Love the spinning pictures at the end and that you took time to credit all the performers.


Je fais partie de ceux qui ont regardé votre vidéo jusqu’à la fin.
Les crédits à la fin sont particulièrement réussis dans la mesure ou il n’y a aucun filtre dans Shotcut qui permette d’ajouter un contour à une image ou à un clip vidéo. De plus chaque image se superpose au dessus des précédentes, ce qui rend la tâche encore plus compliquée. J’avoue que malgré votre description, je n’ai pas encore bien compris comment vous êtes arrivé à un tel résultat. Cela m’intéresserait d’en savoir plus.
En conclusion, Bravo maestro

I am one of those who watched your video to the end.
The credits at the end are particularly good because there is no filter in Shotcut that allows you to add an outline to an image or video clip. Moreover, each image is superimposed on top of the previous ones, which makes the task even more complicated. I must admit that despite your description, I still don’t understand how you achieved such a result. I would be interested to know more.
In conclusion, Bravo maestro. :+1: :clap:

Translated with DeepL Translate: The world's most accurate translator (free version)


Great videos. Thanks for sharing!

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Hi @namna, it will be my pleasure to explain further, when I get a few moments spare. Thank you for your comments!

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I love music. Very fresh and fun.
Great job. Thanks for sharing.


Brilliant. It is hard to believe that the clips were not actually choreographed to the flute music. The flute playing (to my untuned ears) was excellent and you’ve done a brilliant job describing how the video was made. Keep those videos coming.

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Thank you Paul @pbattersby . Yes indeed it did!! I tried to source clips which had approximately the same tempo of dancing as my music - ie not too frenetic.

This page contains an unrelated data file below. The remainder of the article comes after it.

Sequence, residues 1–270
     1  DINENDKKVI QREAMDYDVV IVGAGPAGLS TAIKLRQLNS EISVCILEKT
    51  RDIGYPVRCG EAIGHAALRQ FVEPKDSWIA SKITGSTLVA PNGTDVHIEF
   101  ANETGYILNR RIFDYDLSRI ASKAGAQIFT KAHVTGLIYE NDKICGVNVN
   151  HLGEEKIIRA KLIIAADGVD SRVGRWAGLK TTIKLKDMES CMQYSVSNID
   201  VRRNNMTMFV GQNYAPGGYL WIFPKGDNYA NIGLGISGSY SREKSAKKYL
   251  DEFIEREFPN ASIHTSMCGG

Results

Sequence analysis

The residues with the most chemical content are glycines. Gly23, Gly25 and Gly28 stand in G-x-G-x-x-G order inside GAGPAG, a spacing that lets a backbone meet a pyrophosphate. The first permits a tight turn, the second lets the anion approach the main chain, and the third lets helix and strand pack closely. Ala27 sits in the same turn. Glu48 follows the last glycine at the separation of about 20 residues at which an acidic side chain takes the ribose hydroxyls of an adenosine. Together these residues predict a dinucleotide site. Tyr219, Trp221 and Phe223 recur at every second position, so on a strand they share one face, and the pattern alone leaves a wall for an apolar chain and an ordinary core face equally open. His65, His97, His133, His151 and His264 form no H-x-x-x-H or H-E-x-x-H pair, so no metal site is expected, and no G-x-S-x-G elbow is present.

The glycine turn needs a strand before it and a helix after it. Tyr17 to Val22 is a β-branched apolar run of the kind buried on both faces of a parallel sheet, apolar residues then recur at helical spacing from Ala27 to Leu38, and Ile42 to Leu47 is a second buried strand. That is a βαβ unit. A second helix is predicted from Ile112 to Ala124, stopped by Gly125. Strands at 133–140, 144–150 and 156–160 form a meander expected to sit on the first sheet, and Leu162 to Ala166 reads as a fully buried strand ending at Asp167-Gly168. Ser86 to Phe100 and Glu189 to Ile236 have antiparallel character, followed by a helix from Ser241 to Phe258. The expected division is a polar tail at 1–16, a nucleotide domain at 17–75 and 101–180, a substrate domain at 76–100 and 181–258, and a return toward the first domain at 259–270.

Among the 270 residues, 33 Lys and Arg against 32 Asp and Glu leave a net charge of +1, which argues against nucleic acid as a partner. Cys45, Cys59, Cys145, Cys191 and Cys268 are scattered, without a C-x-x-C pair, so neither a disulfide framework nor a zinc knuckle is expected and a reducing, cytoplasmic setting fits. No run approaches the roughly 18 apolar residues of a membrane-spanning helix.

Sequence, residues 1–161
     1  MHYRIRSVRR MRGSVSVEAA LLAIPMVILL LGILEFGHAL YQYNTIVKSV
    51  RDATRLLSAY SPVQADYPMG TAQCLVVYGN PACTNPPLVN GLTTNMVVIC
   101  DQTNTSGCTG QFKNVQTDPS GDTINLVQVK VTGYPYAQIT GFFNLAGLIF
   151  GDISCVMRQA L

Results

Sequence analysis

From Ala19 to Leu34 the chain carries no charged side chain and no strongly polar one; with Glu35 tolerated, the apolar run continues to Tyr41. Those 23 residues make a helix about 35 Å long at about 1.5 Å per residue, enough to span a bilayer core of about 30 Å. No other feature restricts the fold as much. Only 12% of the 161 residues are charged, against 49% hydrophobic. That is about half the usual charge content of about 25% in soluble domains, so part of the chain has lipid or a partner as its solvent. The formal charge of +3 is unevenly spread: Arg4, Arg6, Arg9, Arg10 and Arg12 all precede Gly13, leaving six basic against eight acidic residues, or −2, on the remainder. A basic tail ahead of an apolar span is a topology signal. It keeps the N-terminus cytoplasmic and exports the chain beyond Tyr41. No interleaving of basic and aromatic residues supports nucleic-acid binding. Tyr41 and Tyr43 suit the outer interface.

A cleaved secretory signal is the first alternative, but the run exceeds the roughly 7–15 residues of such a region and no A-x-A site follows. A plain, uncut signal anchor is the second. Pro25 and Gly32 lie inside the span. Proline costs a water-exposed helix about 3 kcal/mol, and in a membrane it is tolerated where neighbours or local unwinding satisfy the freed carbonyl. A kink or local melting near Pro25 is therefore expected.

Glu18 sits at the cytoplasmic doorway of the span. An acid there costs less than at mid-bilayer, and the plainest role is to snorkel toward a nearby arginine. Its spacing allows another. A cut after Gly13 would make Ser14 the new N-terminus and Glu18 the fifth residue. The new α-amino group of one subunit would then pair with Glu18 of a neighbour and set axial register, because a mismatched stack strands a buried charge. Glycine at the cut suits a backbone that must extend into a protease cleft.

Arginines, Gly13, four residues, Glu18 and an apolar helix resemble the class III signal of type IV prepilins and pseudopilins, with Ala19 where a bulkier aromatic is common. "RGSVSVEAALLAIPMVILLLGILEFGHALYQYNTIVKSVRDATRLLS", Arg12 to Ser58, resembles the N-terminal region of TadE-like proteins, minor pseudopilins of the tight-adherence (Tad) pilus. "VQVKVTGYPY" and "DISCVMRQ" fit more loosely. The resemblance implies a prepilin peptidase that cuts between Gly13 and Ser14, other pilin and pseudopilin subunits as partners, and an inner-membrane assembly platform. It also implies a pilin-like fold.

Thanks @musicalbox. -although I have to admit that quite a lot of the synchronization was more luck than judgement!! Seriously, having chosen clips of approx. the same speed, it was usually only necessary to shove the clips along slightly. I wasn’t trying to get the synchronisation perfect but I was pleased with how it came out. I was determined, though to get the synchronisation right just at the end of the music track, where Garland and Kelly present their hats!!

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Thanks @drm! About the cooltext site - it appears to be completely free and as far as I can tell, licence free. I looked for a catch but couldn’t find one.

Great job!

Merci @Jonray mais ne prenez pas cette peine j’ai fini par comprendre et j’ai pu reproduire. Encore bravo.

Thanks @Jonray but don’t bother I eventually figured it out and was able to reproduce. Congratulations again.

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Hi Namna, no worries. Actually I quickly made this short demo this morning before I saw your message so I’ll post it anyway, maybe to help other users.
Thank you!

@ejmillan, @Elusien, @brian, @bentacular, thank you all for your kind comments.


BRAVO!! Why am I not surprised to find out that you are also a musician? (and a darn fine one at that).
Many thanks for all of your excellent Shotcut tutorials. They helped and inspired me to 'ave a go myself.
Originally only done for friends’n’family during lockdown, I have created about 6 music videos with fun/amusement being the key element rather than the performance itself. Playing only once every 5-6 weeks has definitely deteriorated the abilities!
Always try to add a new or different effect for varieties sake.
“4PhilFilms” if anyone could do with a laugh to we’re all allowed ‘out to play’ again!

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Hi @4PhilFilms, wow, thanks for your kind comments. Glad you enjoyed it. Yes, I tootle the flute from time to time :rofl: I certainly enjoyed creating it!!

I’ll take a look at your videos. And thanks for being the tenth person to “like” my post - it just gained me a “nice topic” badge from the forum admins - woo-hoo! :grin: